My Day of Atonement
If I could borrow any single element from Judaism in order to apply it to my own faith, there'd be no competition: the Day of Atonement during Yom Kippur is a uniquely wonderful tradition. But since I'm not Jewish, and in any event this holiday doesn't come around again for several months, let me now publicly atone for some needlessly hurtful words I wrote some months ago in the comments section of a blog.
Way back in September of last year, during the thick of the Cleveland mayoral campaign, I visited George Nemeth's popular Brewedfreshdaily.com, where I noticed that a longtime figure in local politics and p.r., Andy Juniewicz, had posted a comment on behalf of the candidate for whom he was then working. That name rang many layers of bells for me. Andy had been a Plain Dealer reporter many years ago, and had since gone on to work for many political campaigns, including Dennis Kucinich's presidential run. But for me, he was best-known for his long association with the brass-knuckled p.r. firm headed up by William Silverman, a man who was once his father-in-law. That was all the red meat I needed: I posted some comments that noted his long record in politics and the fact that he had worked for several losing campaigns. In short, I carved him up a bit, mostly a result of guilt by association (Silverman was known for his heavy-handed tactics with the media).
Anyway, some days passed, and then I received an email from Andy. I couldn't help but notice the unusual way in which he went about seeking redress. Rather than simply abuse me and call me names, as most targets of such comments would understandably have done, he was trying to convince me that I had him all wrong, and that if only we could meet, he would convince me of that. How could I refuse? We met for breakfast (at the erstwhile Ruthie & Mo's, no less), where I finally got to meet a man I'd long heard about and whom I had thus convinced myself I almost knew. I found him a decent, thoughtful guy who cared deeply about his reputation. But unlike most people who thought they had been wronged, he didn't lash out in anger. Instead, he tried to reason with me. Yes, he's a smooth, veteran p.r. person, and I understood that he was using every method he had ever learned about persuasion to convince me I was wrong. But he convinced me nonetheless.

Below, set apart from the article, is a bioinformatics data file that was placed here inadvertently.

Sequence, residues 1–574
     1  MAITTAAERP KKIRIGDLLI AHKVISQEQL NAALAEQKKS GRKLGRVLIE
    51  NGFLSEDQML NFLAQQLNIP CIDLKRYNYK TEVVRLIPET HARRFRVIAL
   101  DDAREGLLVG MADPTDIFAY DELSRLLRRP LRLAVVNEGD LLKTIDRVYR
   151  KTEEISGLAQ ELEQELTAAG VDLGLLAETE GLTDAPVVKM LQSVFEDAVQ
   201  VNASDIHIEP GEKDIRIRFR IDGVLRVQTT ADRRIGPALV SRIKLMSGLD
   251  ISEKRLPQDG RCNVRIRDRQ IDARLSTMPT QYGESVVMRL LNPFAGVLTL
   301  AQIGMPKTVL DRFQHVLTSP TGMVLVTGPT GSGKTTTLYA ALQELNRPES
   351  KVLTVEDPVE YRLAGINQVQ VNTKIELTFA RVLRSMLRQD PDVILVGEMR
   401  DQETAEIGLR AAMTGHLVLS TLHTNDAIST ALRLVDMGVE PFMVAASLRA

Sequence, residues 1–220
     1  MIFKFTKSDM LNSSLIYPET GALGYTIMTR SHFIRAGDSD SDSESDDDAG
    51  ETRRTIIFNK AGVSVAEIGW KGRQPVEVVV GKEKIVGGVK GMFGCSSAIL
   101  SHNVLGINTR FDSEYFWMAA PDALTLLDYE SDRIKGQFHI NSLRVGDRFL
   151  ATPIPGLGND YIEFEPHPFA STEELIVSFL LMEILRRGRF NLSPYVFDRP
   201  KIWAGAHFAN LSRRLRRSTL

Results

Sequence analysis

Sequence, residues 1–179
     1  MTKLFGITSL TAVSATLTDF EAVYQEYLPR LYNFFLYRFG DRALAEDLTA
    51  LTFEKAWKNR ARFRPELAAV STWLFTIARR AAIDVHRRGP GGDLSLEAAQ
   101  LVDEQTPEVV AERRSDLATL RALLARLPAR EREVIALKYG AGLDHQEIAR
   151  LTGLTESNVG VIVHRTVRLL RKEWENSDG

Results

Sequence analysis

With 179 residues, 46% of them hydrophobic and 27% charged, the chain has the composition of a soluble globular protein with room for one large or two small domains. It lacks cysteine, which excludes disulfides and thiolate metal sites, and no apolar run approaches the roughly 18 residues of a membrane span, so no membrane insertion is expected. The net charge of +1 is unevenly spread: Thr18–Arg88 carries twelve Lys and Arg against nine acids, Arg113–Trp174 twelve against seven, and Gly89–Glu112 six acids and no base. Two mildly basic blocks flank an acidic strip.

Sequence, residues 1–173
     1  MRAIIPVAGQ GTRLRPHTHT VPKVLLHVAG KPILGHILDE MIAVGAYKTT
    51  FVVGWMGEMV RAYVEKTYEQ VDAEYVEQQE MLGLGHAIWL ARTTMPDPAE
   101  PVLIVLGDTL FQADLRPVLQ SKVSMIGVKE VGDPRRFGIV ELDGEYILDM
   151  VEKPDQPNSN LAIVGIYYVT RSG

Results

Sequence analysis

Anyway, the upshot is this: I apologized to Andy privately at the time, as I'm now apologizing publicly. Guilt by association is no more appropriate a tactic now among honorable people than it was during the McCarthy era. We must all stand alone on the reputations we've carved for ourselves and the actions we've taken over time. Andy is a good and decent guy, and he deserved better than my words that day. Here's hoping we'll find a new and even better place for that occasional breakfast.